At watershed heights;
an entrypoint to
electrically powered cars.
Teslas sell well in Norway. At least their 2100 kg heavyweight S model does. My personal guess is that buyers all traded up from smaller cars like a Mazda or something similar, increasing the load they carry.
Elon Musk was in Oslo, Norway to see to the fact that their battery capacity was down to about 80 % in the winter. He concluded that there was something wrong with the Norwegian power supply grid which was not as constant in its delivery as it should have been. We were never told what the problem was and not how it was fixed. This article implies that mr. Musk himself sorted out this national problem.
Wired's Autopia has more on who buys big and fast Teslas.
Back of Dam
Here is a look behind the scenes, both sides of the dam. There may not be much water available to power a world of electrical motor cars. Is this the argument for the hybrid solution? A mixed car park of electrical cars and fossil-fuel powered cars is also a hybrid in its effect on nature. A hybrid car park. It just is not a sales argument for any particular model of car.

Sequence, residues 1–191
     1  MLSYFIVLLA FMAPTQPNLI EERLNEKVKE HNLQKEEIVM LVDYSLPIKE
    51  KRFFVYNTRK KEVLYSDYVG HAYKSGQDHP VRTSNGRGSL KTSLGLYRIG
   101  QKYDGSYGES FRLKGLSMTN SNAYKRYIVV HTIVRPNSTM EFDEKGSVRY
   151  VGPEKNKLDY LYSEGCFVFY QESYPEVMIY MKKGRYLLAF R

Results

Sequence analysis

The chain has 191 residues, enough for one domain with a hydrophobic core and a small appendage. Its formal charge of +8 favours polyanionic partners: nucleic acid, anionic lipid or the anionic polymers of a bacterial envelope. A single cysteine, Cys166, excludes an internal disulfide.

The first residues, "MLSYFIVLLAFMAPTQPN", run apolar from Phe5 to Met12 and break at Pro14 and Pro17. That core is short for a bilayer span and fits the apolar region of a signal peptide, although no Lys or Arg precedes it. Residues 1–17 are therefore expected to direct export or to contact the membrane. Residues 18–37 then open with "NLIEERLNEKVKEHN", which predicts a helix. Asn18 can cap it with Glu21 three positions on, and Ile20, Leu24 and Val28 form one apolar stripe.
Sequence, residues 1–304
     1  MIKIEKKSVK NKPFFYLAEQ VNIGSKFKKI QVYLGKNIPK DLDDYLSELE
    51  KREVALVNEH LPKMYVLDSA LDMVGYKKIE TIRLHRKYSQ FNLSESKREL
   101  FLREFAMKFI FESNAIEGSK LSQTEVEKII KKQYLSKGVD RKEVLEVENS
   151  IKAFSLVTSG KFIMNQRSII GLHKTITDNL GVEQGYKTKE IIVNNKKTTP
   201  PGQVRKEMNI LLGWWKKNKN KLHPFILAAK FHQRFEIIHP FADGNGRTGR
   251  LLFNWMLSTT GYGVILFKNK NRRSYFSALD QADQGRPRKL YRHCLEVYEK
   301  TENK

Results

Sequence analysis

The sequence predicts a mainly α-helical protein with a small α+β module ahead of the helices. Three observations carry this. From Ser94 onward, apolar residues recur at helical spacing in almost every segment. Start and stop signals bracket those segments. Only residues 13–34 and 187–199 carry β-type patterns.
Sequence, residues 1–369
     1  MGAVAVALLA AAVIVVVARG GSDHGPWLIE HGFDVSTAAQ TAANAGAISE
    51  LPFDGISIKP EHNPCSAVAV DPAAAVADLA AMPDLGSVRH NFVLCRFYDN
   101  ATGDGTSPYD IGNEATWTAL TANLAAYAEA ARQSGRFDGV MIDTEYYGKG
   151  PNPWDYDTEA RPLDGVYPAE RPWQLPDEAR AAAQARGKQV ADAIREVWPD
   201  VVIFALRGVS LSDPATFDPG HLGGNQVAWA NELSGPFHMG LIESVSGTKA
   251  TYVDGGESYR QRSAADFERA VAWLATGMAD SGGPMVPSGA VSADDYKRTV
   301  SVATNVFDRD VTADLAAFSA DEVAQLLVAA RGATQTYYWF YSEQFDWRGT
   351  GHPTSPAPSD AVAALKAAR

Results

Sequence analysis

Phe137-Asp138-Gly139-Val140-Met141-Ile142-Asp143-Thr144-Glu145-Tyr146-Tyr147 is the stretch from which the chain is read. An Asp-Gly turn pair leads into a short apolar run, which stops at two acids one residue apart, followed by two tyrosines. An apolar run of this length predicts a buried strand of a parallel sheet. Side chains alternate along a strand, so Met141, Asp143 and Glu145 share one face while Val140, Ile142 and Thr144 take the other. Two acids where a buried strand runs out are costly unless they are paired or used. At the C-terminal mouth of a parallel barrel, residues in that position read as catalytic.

Reducing our pressure on fuels means that we must use our cars less. Making more cars than we need and throwing away perfectly good cars has always been a false argument relating to the formula of energy consumption. Electrical cars need to be small, lightweight city cars. Not high speed, huge consumers of water from our reservoirs. If water is renewable there is no saying where it will go when the airstreams change.
A high wall in our minds
It is obvious that the Tesla S and its likes will be such a drain on the hydro-electric grid that Elon Musk will be asking for nuclear power grids or nuclear energy staves within his cars. He has set his sights high. So high that water is not enough to propel his ideas.
The Tesla S weighs at least 2100 kg. The Land Rover in the pictures weighs 2200 kg. Carrying capacities and all purpose utility is in favour of the Land Rover. The Tesla S is for Sport an has a top speed of 210 km/h. The Land Rover does 185 km/h. The Land Rover is shaped for low speeds and is not a fast vehicle. The Tesla is marketed with aerodynamic lines, not for low consumption, but for high speed. The Land Rover V8 is the more economical car of the two because of its useability. When is Tesla Motors going to launch an economical car for cities where it would be welcome? The Tesla S model only makes silly people gluttonous; it was an exercise in marketing an electrical term and a Vehicle of Sport, but of little Utility.
Apple Inc’s interest in Tesla and battery production is a separate issue to the production of electricity. It is about storing and carrying electricity. It does not consider whether it comes from wind, water or nuclear processes.
Land Rover Monthly
Land Rover official sustainability
Tesla's Elon Musk fixing problems in Norway
Apple and Tesla by Jalopnik
Durable Car Ownership